The best modern cosmic horror

The Books I Picked & Why

Hammers on Bone

By Cassandra Khaw

Hammers on Bone

Why this book?

Khaw, known for their genre-spanning sci-fi, fantasy, and horror, does a terrific job flipping the script on many older cosmic horror tropes in this cosmic horror noir novella. In crisp, graceful prose we watch as the unknowable monsters threatening our hero (and his client) turn out to be human, and the powerful forces assisting them are the more traditional horrors. I love it when cosmic horror is presented in a way that lets imagination do the work, and Khaw delivers here--leaving mysteries intact, and letting the reader scare themselves.


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The Ballad of Black Tom

By Victor LaValle

The Ballad of Black Tom

Why this book?

Older cosmic horror often contained misogyny, classism, ableism, and flat-out racism. The Ballad of Black Tom turns a spotlight right back onto that legacy, taking H.P. Lovecraft's story 'The Horror at Red Hook' and telling the story from the point of view of a Black man who resists getting pulled into a scheme involving evil magic and ancient gods. It does not flinch from the racism either of the story, or of the period in general, and in so doing, exposes the narrative flaws and the xenophobia of the source material. I found it a sharp, fresh presentation of a perfectly paced story.


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Can You Sign My Tentacle?: Poems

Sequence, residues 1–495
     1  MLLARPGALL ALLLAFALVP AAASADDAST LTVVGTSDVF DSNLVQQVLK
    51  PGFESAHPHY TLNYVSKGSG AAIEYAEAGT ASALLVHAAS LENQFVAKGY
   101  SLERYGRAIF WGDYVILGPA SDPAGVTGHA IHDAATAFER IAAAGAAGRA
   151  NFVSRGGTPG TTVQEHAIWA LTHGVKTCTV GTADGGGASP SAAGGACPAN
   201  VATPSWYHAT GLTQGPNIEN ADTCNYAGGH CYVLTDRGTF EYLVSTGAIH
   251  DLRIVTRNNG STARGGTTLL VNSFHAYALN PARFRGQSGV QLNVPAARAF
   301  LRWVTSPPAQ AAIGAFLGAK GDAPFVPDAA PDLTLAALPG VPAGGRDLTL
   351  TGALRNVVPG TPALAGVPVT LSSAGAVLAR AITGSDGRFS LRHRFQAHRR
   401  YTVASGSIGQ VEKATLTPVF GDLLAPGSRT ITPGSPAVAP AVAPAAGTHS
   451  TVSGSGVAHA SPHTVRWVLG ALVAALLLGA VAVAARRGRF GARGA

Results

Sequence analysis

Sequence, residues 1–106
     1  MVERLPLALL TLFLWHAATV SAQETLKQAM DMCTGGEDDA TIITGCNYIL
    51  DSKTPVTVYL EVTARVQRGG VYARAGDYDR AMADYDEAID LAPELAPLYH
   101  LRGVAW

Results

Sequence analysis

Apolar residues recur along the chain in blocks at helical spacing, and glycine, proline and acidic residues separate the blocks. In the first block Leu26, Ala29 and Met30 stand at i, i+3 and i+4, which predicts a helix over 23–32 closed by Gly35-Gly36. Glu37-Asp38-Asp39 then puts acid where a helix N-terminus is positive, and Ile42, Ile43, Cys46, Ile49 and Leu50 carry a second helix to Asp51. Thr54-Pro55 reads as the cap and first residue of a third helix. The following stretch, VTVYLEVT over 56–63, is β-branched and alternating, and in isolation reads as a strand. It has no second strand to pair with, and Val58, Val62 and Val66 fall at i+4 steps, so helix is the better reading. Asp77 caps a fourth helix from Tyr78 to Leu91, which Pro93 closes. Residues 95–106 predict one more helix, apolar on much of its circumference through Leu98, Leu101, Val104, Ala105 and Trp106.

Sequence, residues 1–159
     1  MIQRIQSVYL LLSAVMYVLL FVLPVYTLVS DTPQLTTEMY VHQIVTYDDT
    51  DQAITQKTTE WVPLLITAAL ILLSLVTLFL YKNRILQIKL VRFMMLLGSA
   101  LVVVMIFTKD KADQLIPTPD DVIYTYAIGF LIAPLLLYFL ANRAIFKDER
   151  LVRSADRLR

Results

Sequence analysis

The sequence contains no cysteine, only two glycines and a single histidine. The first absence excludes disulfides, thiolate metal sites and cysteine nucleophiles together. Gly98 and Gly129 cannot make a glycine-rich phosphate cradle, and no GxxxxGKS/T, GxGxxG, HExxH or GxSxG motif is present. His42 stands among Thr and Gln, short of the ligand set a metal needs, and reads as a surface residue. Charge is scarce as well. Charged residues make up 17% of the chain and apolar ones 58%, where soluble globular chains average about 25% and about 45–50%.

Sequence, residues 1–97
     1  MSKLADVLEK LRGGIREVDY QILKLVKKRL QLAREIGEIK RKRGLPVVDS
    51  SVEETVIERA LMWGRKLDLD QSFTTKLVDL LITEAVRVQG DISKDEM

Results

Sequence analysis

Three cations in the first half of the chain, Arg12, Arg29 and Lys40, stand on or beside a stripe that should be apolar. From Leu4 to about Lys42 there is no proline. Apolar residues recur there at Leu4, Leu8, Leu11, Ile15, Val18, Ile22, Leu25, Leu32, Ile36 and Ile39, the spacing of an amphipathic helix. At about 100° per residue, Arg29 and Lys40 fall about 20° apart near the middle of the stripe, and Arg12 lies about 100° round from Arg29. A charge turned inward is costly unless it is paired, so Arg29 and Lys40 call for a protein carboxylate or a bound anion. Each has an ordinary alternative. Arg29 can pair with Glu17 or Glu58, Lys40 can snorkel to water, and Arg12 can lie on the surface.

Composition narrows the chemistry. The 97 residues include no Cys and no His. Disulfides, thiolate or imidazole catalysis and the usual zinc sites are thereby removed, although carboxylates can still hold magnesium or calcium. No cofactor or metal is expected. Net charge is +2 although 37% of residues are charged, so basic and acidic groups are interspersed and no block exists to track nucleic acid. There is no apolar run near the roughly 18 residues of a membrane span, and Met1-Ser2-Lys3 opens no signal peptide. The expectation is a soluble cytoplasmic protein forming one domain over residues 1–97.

By Brandon O'Brien

Can You Sign My Tentacle?: Poems

Why this book?

This book of poems is a truly unexpected combination of current pop culture, social commentary, and cosmic horror--and a hugely enjoyable read. It deals with the themes of sacrifice, thoughtless loyalty, collusion, survival, colonialism, and the very idea of the monstrous. How do we know when the forces around us are asking too much of us? How can we trust what we will get in return? How do our personal histories inform how we will respond to the void when it comes knocking? A lively, thoughtful read.  


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Winter Tide

By Ruthanna Emrys

Winter Tide

Why this book?

I was honoured to panel with Emrys at a con a few years ago, where it was clear that she was a cosmic horror expert and had done reams more reading on its context, legacy, influences, and analysis than the rest of us. What she writes with all that scholarship, though, is deeply human, affecting, and emotional. In focusing on the persecuted people of Innsmouth, this book becomes a study of family and connection, and answers in a very different way the traditional cosmic horror questions of 'What is a monster?' and 'How do we decide what should be called monstrous?'  


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The Fisherman

By John Langan

The Fisherman

Why this book?

This book tells a small, human story of grief and loss, set in a cleverly nested series of reveals about the horror of the history of a particular area. What I loved most about this book was the grandness and scale of the eldritch creatures that the characters face (at different times, with different weapons, and with varied ideas of what on earth is going on)--this felt truly cosmic to me, a real look into the abyss. I also loved how the horrors were presented in the mind as well as the world, which constantly kept me on my toes.


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